Thursday, February 24, 2011

1000 paper cranes

Cranes pair for life and represent faithfulness, longevity, prosperity, wisdom, loyalty, vigilance and peace. In legend it is said that they carry the prayers for those lost in war and take the souls of the deceased on their backs to the Western Paradise.

In the 11th century Kamakura period of Japan, during the celebration of a Buddhist festival, the people tied prayers to the legs of cranes for those who were lost in battle. Then set them free to carry their prayers of peace off to the world.

This reminds me of a quote by a 12 year old girl.

“I will write peace on your wings
And you will fly all over the world.”

Sadako Sasaki was born in Hiroshima, Japan. She was two years old when the United States dropped an atom bomb on the city. When she was 12 years old and sick in the hospital with leukemia her friend Chizuko brought some paper and reminded her friend the story of the old crane that lived 1000 years. And if someone folded 1000 paper cranes, the gods would grant that person a wish.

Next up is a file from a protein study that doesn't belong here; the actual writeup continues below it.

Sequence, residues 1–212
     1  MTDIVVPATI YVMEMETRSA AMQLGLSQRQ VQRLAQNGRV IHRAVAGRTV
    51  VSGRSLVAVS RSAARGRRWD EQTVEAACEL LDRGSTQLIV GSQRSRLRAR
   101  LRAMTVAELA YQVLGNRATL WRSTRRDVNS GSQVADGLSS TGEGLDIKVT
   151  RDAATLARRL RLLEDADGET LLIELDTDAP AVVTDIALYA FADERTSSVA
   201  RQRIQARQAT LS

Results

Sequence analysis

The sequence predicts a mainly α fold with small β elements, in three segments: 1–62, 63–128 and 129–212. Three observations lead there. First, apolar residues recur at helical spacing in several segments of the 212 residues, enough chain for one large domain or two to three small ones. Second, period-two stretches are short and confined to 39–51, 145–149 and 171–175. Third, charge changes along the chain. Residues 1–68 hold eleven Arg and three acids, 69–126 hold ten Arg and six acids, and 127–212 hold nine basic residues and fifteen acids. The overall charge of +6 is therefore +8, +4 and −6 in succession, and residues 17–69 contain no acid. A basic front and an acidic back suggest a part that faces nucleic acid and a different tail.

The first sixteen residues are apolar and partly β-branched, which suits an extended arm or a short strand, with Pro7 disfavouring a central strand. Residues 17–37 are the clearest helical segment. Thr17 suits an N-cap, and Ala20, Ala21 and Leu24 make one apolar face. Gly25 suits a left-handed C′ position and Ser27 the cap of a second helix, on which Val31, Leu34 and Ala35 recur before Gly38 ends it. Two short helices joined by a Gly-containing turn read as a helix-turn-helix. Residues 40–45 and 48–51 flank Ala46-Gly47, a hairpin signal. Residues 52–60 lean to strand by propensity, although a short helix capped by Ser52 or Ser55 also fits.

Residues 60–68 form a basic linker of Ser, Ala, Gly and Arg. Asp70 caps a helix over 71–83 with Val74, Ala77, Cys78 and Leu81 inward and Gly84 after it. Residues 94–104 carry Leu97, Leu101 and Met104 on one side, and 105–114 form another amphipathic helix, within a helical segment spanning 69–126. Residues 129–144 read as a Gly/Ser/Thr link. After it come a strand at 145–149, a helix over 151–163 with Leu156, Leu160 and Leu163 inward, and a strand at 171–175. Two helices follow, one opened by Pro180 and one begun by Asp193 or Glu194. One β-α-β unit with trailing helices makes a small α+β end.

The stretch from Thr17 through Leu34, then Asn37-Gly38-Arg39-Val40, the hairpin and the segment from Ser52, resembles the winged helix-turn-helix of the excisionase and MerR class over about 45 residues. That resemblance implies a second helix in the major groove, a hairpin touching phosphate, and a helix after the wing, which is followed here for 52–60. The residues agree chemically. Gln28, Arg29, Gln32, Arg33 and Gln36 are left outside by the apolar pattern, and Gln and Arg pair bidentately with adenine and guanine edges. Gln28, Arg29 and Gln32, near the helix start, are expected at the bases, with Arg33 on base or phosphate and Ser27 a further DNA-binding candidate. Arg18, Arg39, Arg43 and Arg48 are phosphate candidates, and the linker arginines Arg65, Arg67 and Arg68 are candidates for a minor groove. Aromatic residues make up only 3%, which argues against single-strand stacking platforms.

Sadako started to fold paper cranes and was able to fold 644 before she died. Her class mates folded the remaining 356 and all the cranes were buried with her.

There is a statue in the Hiroshima Peace Memorial Park at the Children’s Peace Monument of Sadako holding a paper crane. Every year on August 6th thousands of paper cranes are placed at the memorial.

I am working of folding 1000 paper cranes to add my voice to the plea at the base of Sadako’s statue.

“This is our cry,
This is our prayer,
Peace in the world.”


  1. Wow. Did you read the book? I've had it marked to read....perhaps I'll go get it this week.

  2. Beth, I have read it. I hope you get a chance to read it.

  3. And have you seen this blog?

  4. No I haven't. Thanks for the link Beth. I will go check it out.